In addition to water and energy consumption, laundry is a source of another serious environmental problem: fiber pollution. microplastics.
As your clothes and sheets bounce around in the washing machine and tumble in the dryer, they shed tiny fibers – many of which are tiny bits of plastic from synthetic fabrics like polyester – that can end up in rivers, oceans and the air. .
Microfibers are the most abundant type of plastic at the environment, according to studies. Microplastics have also been discovered in human excrement – suggesting that they exist even inside people’s bodies.
“We know that we are exposed to microplastics from many sources”, confirms Britta Baechler, director of studies on plastics oceanic in Ocean Conservancy, an environmental advocacy organization, adding that the impacts of microplastics on human health are still being studied. Some research has already proven that exposure to microplastics can have negative health effects in certain animals.
While textiles can shed microfibers as they are made or used, re-evaluating how you wash your clothes can help make a difference. A single machine wash of synthetic clothing can release millions of these tiny fibers.
The most impactful way to combat microfiber pollution is to develop better textiles, summarizes Kelly Sheridan, director of research at The Microfibre Consortium, which works to reduce microfiber shedding in the textile industry. This person also adds that, most of the time, it is the construction of the pieces and how the fabric is processed that determines the amount of microfibers they will release.
It can also help at home. Here’s how:
Can I reduce pollution if I switch to natural fabrics?
While many studies show that polyester and other synthetic clothing can be a great source of harmful microplastic fibers, choosing to use more natural fabrics like cotton is not as simple a solution as it sounds.
“When you turn a cotton plant into a fiber that is used in garments, the cotton is processed in a way that makes its original chemical structure different,” says Kelly Sheridan. “A cotton fiber in its final state does not necessarily degrade, and if it does, it will be a much slower process.”
“As it biodegrades,” he adds, “what chemicals are being released into the environment?”
Natural fibers have been found in the oceans. A peer-reviewed study, published in 2020, analyzed water samples from oceans around the world and reported that most of the fibers found were dyed cellulose, not plastic.
“The assumption that natural fibers are not a problem has certainly not been proven,” cautions Sheridan.
How do I wash my clothes and reduce microfibers?
The first step is to reduce the number of times we put clothes in the washing machine.
Ask yourself if you really need to wash something after you’ve used it once, says Elena Karpova, a professor at the University of North Carolina who studies sustainability textile.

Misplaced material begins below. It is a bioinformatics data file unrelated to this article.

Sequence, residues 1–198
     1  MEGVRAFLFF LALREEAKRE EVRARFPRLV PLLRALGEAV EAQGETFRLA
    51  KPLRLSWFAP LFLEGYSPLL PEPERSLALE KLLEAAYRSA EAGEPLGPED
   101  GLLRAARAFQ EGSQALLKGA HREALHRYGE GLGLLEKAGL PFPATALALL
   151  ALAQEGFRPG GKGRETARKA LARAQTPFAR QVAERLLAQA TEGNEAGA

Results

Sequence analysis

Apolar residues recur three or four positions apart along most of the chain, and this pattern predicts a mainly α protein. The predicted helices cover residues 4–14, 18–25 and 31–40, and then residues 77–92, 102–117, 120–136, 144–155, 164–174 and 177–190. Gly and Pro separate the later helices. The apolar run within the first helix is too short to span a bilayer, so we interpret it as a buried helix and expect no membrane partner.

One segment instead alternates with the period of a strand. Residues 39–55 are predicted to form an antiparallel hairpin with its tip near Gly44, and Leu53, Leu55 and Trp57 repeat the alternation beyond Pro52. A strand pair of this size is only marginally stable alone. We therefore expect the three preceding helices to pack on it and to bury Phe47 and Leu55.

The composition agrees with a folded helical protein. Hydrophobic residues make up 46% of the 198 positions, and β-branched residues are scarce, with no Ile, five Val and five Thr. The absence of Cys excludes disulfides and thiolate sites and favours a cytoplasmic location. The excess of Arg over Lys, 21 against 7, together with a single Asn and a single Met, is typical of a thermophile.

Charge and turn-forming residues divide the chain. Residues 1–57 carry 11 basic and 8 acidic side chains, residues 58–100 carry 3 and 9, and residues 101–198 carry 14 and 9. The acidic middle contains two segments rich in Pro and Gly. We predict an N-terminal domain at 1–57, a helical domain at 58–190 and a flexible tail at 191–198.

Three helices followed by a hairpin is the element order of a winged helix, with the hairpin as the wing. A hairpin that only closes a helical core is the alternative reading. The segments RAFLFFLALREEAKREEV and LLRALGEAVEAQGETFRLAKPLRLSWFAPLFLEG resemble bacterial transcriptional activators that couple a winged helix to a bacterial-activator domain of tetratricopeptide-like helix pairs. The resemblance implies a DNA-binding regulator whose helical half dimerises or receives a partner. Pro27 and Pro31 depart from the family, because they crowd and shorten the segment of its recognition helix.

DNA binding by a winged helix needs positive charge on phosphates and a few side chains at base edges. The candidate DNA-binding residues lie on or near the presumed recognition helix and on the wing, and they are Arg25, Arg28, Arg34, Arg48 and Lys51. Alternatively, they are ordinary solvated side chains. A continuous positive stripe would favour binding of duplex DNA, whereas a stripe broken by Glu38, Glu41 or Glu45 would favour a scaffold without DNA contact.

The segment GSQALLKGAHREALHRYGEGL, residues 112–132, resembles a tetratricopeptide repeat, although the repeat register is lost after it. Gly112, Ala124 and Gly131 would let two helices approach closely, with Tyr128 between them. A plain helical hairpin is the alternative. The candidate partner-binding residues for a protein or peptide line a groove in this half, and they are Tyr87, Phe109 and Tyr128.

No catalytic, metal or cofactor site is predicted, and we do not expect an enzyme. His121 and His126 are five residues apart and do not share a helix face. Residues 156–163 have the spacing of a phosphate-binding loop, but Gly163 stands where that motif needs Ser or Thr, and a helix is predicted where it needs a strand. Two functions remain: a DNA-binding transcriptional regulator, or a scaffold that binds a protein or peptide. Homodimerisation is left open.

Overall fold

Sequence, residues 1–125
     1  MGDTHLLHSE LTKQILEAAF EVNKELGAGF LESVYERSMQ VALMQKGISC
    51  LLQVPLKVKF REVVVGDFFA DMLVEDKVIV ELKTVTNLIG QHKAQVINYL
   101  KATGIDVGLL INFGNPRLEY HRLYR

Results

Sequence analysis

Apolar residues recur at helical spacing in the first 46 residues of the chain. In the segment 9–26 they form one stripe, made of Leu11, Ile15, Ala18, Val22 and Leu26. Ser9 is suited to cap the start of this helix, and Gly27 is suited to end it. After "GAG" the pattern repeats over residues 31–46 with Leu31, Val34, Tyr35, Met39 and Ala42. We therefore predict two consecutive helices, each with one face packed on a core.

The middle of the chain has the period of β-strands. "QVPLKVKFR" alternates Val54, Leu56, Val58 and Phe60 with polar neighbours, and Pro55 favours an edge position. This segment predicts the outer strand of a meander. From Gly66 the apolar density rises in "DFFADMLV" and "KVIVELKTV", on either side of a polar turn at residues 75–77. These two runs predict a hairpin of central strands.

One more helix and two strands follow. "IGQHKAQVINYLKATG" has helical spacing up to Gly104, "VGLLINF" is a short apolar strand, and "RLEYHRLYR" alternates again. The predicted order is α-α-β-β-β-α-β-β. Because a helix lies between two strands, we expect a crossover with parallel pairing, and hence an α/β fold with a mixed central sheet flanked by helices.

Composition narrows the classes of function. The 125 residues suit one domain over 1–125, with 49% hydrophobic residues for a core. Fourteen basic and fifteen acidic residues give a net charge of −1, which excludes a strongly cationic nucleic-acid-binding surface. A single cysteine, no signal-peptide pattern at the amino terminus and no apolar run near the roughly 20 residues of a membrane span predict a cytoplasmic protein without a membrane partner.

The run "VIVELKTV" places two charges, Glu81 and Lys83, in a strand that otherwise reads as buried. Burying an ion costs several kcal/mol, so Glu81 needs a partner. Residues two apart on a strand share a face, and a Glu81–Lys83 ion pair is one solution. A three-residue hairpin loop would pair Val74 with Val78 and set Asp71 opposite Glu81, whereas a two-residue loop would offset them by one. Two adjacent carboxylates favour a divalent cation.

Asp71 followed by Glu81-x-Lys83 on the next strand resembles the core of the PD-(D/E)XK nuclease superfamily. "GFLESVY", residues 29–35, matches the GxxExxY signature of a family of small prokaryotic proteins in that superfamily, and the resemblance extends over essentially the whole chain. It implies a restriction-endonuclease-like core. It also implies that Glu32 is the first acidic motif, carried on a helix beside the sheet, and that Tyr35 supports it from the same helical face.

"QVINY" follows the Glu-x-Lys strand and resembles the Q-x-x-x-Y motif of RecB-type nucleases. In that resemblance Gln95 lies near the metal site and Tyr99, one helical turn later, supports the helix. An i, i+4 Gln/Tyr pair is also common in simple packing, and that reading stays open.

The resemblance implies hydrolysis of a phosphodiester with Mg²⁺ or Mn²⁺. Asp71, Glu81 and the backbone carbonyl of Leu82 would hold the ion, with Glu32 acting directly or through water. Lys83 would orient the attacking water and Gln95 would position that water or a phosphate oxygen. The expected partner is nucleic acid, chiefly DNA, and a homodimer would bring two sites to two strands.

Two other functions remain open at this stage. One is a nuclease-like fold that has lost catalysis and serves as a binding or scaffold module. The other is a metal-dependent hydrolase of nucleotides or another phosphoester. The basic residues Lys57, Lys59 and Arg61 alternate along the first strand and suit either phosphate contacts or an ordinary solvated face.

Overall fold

And since microfibers are also released from dryers, try to air dry your clothes more often.
Machine washing and drying your clothes less often can also help them last longer, creating other environmental benefits as well, such as reduced water and energy consumption.
Some studies suggest that machine washing with large amounts of water and more agitation can increase microfiber loss. Experts recommend making full-sized loads, rather than using the machine half or half full.
It can also be beneficial to wash clothes at a lower temperature and for a shorter amount of time, as hotter, longer washes can produce more polluting fibers.
If you can, use a front-loading machine, which has been found to generate less microfiber release than top-loading machines.
Do filters and other laundry devices work?
There are several devices designed to combat microfiber pollution, including machine filters, laundry bags and balls. Studies suggest that filters may be the most effective.
In a laboratory study, for example, the filter that was tested captured an average of 87 percent of the fibers. Another study examined the impact of installing filters in nearly 100 homes in a small town in Canada and found a significant reduction in the reduction of microfibers in wastewater, the fluff samples captured by the filters contained an average of up to 2.7 million microfibers per week.
While some washing machine models in other countries may come with these filters included, in the United States they are usually purchased separately and installed, which can be expensive.
Cheaper solutions like laundry bags or balls can also reduce microfiber pollution, however studies show that their effectiveness can vary. A 2020 study of six devices found that a particular filter performed the best, reducing microfiber loss by 70 percent. The laundry bag came in second with a 54 percent reduction, followed by the laundry ball which reduced microfiber shedding by 31 percent.
If you try these devices, be careful to properly dispose of captured fibers by placing them in the trash. A covered bin can help reduce the amount of airborne fiber, he warns. Britta Baechler.
Keep in mind, though, that adopting these tips won’t solve the problem, reminds Kelly Sheridan. But doing “a combination of all these things can only help.”